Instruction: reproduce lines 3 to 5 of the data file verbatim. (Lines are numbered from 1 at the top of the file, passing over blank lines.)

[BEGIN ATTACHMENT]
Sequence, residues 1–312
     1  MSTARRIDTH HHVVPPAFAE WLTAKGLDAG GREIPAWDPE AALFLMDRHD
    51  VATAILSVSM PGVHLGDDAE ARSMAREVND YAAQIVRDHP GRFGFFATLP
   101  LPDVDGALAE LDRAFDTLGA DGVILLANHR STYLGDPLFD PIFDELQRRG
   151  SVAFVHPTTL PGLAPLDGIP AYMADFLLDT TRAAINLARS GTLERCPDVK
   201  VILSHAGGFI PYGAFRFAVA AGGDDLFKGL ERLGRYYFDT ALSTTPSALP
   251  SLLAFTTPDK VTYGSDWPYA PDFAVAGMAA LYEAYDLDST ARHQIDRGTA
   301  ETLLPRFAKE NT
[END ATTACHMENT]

    51  VATAILSVSM PGVHLGDDAE ARSMAREVND YAAQIVRDHP GRFGFFATLP
   101  LPDVDGALAE LDRAFDTLGA DGVILLANHR STYLGDPLFD PIFDELQRRG
   151  SVAFVHPTTL PGLAPLDGIP AYMADFLLDT TRAAINLARS GTLERCPDVK